Med Care 52:86-92.
Harvard University; Harvard Medical School; Harvard Pilgrim Healthcare Institute, Harvard Medical School, Boston, MA, USA
BACKGROUND: By shifting a greater share of out-of-pocket medical costs to consumers, high-deductible health plans (HDHP) might discourage use of essential outpatient services.
OBJECTIVE: The objective of the study was to examine the impact of an HDHP on outpatient visits and associated laboratory and radiology tests.
RESEARCH DESIGN/SUBJECTS: We used a pre-post with comparison group study design to examine the differential change in outpatient service utilization among 7953 adults who were switched from a traditional Health Maintenance Organization plan to an HDHP compared with 7953 adults remaining in traditional plans. HDHP members had full coverage of preventive laboratory tests and modest copayments for outpatient visits, similar to controls, but faced full cost sharing under the deductible for radiology tests and laboratory tests not classified as preventive.
RESULTS: Compared with controls, the HDHP group experienced moderate relative decreases in overall office visits (incidence rate ratios = 0.91, or a 9% relative reduction; 95% confidence interval: 0.88, 0.94) and visits for higher-priority (0.91; 0.85, 0.97) and lower-priority (0.89; 0.81, 0.99) chronic conditions. There were no significant differences in changes in visit rates for acute higher-priority or lower-priority conditions (both 0.93; 0.86, 1.01) or preventive laboratory tests (0.97; 0.93, 1.02). HDHP members showed moderate relative reductions in the use of general laboratory tests (0.91; 0.86, 0.97) but not radiology tests (0.97; 0.91, 1.03).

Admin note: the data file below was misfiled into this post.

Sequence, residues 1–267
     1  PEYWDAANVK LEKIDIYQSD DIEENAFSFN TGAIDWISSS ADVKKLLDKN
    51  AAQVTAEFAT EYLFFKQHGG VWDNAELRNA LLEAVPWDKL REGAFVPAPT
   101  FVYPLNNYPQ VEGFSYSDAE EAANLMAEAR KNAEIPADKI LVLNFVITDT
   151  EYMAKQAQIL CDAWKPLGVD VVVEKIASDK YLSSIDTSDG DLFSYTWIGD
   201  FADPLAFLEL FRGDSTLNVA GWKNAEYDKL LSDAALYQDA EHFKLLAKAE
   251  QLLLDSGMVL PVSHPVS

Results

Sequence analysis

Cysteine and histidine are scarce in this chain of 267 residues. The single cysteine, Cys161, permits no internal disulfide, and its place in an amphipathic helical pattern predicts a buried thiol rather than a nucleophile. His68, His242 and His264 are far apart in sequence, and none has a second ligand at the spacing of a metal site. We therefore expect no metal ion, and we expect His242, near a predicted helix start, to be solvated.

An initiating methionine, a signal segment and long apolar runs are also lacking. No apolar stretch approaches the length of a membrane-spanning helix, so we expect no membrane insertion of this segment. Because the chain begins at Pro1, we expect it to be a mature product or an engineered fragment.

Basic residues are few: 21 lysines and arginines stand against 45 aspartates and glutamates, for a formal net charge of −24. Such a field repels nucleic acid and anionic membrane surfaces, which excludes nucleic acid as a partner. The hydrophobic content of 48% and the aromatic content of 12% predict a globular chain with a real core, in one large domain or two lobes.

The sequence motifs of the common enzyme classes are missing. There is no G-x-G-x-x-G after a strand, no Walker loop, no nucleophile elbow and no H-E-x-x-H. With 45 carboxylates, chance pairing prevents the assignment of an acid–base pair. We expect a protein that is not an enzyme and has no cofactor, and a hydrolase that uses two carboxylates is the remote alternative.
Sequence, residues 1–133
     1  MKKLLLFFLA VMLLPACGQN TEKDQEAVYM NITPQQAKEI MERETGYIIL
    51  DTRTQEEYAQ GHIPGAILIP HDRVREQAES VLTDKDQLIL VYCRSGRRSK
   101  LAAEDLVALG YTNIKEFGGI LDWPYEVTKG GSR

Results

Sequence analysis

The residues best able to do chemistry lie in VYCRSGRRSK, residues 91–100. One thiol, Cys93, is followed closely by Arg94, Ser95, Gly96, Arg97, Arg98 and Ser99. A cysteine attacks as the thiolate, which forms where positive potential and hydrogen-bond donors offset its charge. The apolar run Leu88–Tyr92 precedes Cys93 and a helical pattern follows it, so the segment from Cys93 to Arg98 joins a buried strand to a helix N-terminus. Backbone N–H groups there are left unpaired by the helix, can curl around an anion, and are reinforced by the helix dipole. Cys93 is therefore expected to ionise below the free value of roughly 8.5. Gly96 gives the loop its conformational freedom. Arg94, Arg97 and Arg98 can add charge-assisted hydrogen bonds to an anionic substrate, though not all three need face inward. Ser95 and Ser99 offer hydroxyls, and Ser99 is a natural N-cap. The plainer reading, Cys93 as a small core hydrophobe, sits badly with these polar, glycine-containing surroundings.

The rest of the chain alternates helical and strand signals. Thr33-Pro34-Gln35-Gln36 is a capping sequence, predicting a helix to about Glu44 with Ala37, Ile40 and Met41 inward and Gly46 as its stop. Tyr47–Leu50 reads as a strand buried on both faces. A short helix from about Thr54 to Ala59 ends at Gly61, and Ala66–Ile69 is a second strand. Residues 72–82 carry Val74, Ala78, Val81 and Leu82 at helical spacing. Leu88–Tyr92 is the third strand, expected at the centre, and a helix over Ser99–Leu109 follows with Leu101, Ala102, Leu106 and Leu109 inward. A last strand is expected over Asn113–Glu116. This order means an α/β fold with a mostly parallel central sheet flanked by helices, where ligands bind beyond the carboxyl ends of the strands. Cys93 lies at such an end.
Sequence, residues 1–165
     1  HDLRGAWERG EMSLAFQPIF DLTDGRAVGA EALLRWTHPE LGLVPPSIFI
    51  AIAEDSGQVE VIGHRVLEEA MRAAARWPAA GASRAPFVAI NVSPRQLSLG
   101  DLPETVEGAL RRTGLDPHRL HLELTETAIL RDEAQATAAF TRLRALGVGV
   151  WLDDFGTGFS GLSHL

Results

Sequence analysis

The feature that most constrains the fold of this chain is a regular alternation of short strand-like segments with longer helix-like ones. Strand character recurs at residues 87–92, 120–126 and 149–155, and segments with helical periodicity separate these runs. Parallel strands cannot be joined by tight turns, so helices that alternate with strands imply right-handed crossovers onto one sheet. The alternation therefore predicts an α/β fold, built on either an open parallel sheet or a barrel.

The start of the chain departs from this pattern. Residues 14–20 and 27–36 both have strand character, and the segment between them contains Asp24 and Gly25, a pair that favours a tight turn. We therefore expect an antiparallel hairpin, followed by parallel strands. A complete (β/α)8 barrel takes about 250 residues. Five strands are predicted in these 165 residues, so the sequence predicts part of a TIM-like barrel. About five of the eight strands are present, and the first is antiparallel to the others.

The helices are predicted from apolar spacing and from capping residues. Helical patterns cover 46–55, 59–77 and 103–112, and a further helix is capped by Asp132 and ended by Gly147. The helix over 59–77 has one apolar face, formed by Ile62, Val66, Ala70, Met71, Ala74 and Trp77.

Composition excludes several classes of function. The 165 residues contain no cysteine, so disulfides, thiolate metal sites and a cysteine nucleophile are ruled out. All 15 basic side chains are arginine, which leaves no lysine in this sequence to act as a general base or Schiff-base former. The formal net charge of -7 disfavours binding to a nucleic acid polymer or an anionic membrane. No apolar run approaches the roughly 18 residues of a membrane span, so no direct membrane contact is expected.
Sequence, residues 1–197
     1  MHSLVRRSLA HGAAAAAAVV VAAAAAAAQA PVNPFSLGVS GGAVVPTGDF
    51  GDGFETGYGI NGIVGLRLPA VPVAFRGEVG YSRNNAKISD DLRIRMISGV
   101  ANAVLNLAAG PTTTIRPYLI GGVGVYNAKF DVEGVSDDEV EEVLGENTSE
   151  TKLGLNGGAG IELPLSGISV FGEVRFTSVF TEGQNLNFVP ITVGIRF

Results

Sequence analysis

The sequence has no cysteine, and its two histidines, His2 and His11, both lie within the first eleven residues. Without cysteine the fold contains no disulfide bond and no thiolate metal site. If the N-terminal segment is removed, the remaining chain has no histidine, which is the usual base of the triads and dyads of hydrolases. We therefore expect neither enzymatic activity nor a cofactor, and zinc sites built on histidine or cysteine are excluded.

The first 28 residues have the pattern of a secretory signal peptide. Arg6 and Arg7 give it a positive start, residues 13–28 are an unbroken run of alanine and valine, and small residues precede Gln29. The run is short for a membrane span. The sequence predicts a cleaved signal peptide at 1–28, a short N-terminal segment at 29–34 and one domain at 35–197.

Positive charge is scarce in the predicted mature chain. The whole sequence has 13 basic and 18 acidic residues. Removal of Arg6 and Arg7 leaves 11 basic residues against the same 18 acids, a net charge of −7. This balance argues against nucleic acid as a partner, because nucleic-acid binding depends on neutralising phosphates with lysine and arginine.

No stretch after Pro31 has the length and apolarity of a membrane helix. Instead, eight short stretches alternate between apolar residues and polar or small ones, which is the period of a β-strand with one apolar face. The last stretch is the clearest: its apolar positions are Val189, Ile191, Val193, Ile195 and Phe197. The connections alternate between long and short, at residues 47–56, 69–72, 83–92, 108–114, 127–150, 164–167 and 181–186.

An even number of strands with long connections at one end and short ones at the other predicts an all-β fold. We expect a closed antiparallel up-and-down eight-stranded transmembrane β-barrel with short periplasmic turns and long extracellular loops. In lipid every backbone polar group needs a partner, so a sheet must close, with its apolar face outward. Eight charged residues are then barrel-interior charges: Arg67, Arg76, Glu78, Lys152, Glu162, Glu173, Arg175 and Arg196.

CONCLUSIONS: Chronic outpatient visits declined among HDHP members, although preventive laboratory tests and acute visits remained unchanged. HDHP patients with chronic illnesses who have more contact with the health care system might be more likely to reduce utilization because of increased exposure to costs associated with ambulatory visits.
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